The Company's market cap currently sits at around $400 million. Given the above calculations, I'd say a higher valuation is warranted. Keep in mind, the figures above are for one candidate alone, and only represent the US market; the scientific basis of said candidate, the merit of which is evidenced by the Sanofi collaboration and the clinical data reported (both of which were reviewed above); the competition landscape, which has been determined to be favorable towards Myokardia; and the Company's strong financial position. All of these factors should play a role in assessing the Company's probability of success. I get a sense that all of the above make Myokardia more valuable than what is currently being recognized by the market.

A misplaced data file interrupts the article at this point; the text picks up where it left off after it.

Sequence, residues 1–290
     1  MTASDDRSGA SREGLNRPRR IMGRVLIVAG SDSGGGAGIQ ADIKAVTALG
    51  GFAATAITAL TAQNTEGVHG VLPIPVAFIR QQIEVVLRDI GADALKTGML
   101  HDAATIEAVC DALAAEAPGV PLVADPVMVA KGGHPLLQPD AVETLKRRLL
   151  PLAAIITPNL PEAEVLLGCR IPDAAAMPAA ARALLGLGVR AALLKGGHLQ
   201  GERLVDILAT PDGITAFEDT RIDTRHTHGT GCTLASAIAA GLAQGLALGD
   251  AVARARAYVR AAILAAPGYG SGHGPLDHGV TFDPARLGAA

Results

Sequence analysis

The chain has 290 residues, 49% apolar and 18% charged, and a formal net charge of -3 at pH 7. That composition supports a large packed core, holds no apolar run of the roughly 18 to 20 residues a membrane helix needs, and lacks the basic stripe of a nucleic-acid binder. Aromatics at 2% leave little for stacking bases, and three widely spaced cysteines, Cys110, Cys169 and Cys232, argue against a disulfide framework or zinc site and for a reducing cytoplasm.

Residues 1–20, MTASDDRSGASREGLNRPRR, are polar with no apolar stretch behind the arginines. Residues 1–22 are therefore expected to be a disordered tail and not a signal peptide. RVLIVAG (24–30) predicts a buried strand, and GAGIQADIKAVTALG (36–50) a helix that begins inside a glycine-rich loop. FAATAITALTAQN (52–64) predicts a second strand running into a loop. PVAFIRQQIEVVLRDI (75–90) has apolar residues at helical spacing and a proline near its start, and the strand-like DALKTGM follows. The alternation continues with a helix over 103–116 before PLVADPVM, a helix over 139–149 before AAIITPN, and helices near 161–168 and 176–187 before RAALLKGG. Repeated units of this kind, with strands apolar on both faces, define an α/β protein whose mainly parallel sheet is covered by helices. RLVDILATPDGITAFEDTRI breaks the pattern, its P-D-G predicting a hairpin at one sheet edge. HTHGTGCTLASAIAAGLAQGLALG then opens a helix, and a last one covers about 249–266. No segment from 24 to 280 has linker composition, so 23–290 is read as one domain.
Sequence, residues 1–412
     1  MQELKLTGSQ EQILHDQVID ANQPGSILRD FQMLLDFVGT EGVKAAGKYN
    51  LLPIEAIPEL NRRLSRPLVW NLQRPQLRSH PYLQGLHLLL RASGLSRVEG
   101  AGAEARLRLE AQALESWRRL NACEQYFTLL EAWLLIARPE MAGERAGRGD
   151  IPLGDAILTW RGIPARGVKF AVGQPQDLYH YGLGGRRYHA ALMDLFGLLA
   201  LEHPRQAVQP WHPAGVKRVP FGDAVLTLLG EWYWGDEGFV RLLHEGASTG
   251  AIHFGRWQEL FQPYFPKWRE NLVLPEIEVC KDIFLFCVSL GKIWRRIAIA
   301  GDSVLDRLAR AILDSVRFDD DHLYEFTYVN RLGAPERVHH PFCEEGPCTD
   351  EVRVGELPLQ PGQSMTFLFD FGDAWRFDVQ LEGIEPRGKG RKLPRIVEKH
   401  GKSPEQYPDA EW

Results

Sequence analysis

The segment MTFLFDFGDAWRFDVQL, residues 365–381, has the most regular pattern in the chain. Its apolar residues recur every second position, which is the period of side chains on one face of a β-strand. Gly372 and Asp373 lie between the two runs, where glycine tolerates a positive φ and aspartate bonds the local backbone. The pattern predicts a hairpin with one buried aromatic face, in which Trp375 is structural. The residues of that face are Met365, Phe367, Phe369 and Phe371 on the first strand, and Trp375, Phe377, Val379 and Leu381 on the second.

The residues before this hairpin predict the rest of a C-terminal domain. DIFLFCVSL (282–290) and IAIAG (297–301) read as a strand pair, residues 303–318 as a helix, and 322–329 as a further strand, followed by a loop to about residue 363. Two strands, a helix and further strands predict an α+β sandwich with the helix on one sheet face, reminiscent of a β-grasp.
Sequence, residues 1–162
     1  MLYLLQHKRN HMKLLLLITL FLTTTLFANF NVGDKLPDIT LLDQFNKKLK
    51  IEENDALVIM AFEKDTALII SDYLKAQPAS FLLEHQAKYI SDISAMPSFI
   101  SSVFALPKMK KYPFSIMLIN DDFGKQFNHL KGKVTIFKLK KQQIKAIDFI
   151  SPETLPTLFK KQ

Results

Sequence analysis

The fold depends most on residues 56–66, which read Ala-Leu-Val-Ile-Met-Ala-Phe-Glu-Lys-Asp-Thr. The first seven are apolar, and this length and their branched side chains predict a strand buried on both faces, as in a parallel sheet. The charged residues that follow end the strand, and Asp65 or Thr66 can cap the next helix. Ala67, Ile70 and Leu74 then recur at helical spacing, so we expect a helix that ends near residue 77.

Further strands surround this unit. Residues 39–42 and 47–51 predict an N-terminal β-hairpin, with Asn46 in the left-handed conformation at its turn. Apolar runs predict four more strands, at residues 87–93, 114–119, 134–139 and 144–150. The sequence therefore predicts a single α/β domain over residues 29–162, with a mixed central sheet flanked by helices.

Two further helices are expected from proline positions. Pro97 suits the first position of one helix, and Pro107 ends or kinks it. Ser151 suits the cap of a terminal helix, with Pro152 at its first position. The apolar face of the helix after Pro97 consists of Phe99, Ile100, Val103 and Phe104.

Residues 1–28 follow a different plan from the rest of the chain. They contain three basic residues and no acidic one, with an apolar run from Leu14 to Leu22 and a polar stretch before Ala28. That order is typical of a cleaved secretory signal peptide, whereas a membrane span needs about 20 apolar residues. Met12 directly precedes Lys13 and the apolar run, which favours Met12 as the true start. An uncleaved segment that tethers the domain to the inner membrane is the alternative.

Be aware that calculating a fair market cap for an early stage biotechnology company is incredibly hard, and any attempts do so are susceptible to significant inaccuracies.
If future revenues do materialize, and are anything around $1.23B, Myokardia is a steal. A prospective investor must weigh in all of the aforementioned factors, and decide if the possible benefit outweighs the risk that's inherent to an investment in Myokardia. More on that below.
There is a very long list of risks associated with an investment in Myokardia. The Company is dealing with bleeding-edge science, venturing into uncharted territory each step of the development process. Yes, there's a good foundation in place, but I can't tell you how many times I've seen promising companies flunk out.
There are so many variables that can pull the rug out from under you. The following situations are the ones I found more relevant:
- a significant change in the safety profile of MYK-461, caused by an unexpected SAE, or the increased incidence AEs;
- the termination of the collaboration agreement by Sanofi, on which Myokardia is dependent for funding of research in general, and late-stage trials in particular;
- unexpected costs related to trial execution and SG&A can be especially impactful, since the Company does not have any revenue sources;